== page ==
Question: Why is it important to have a Will and avoid intestacy when an individual owns real estate?
Answer: When a person dies intestate (without a Will), real estate may end up being particularly difficult to deal with if it is an asset of the estate. The various ways of descent in intestacy creates conflicts which would otherwise be easier to manage with a carefully crafted estate plan. State law directs property to be distributed in a manner that the deceased individual (purportedly) would have intended. So if a person dies with a spouse and children, a typical distribution might leave ½ of the property to spouse and ½ to children. So, say a man with 3 children from a prior marriage buys a residence with a woman as tenants in common. He marries the woman then dies intestate. Wife already owns ½ of the property. The other portion of the property passes by intestacy ½ to his wife and ½ to his children. Now his wife owns ¾ of the house and the children own ¼ among them, or 1/12 each. Comment: This plan of distribution is unlikely what this man intended and could cause a problem with children owning fractional interests. It is far better to have a plan — whether that is drawing up a Will or creating a revocable living trust than to leave it to your survivors to figure it out. If you have any questions or would like more information please contact Steve Shane at:email@example.com | 301.575.0313.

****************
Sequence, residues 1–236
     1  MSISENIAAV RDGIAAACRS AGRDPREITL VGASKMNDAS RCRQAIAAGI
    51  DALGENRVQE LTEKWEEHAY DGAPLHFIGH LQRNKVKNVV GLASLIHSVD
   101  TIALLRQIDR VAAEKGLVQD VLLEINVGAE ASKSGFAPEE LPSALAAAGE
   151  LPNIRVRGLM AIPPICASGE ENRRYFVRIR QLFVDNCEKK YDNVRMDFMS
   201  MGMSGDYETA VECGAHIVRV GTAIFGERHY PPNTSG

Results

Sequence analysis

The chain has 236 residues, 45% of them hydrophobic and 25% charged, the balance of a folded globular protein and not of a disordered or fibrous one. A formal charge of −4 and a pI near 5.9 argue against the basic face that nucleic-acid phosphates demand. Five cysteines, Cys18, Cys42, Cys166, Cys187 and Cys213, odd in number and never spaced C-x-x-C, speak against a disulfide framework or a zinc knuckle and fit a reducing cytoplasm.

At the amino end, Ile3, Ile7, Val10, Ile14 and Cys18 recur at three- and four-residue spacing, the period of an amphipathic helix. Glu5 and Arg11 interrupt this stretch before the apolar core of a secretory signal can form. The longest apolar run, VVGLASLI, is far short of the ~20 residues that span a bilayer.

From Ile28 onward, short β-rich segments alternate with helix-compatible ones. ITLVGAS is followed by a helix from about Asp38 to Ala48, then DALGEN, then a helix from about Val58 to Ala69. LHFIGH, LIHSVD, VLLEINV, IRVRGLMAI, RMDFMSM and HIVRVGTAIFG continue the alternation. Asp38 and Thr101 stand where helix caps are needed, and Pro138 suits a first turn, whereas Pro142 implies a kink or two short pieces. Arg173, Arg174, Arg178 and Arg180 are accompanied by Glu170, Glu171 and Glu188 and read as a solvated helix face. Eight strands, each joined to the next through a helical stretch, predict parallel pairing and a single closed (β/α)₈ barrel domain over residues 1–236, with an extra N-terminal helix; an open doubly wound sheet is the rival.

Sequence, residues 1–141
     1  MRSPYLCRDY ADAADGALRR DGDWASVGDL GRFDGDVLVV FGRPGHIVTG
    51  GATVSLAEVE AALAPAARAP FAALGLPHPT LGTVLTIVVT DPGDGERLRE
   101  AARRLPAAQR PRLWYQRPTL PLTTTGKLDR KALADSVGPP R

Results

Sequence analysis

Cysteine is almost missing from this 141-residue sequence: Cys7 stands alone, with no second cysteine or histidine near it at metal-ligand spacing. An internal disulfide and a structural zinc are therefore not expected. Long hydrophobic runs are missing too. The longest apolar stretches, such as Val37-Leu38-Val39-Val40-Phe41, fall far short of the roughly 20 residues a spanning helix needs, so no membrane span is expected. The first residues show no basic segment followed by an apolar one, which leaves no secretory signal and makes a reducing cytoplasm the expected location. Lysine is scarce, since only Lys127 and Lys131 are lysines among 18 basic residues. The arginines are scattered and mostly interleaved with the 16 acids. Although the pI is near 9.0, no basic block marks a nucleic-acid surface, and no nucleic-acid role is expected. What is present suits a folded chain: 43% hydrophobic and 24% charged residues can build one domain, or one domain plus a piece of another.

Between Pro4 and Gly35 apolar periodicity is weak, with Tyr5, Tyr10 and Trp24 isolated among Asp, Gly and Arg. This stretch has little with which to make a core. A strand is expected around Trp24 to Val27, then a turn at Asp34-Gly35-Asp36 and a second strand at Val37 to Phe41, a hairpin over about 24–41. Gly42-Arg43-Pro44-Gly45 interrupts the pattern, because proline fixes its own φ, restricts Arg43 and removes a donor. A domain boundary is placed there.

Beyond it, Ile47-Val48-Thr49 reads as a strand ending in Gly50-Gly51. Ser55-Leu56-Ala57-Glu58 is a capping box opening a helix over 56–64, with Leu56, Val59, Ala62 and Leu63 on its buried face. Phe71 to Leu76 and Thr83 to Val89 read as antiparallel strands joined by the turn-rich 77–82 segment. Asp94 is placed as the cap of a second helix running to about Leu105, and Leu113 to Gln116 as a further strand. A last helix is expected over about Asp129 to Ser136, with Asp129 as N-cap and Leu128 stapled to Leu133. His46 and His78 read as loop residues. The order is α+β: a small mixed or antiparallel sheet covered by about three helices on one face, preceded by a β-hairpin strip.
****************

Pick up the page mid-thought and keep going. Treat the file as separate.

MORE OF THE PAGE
ABOUT STEVE SHANE
Steve Shane provides strategic counseling to clients in need of estate administration, charitable giving and business continuity planning while minimizing estate, gift, and generation-skipping transfer tax exposure. He offers legal guidance to clients on asset protection and the proper disposition of assets in accordance with the client’s objectives, while employing tax planning techniques such as the use of irrevocable trusts, life insurance planning, lifetime gifts and charitable trust. He is also experienced with drafting documents for business planning, the incorporation and application for exemption for Private Foundations and the administration of decedents’ estates.
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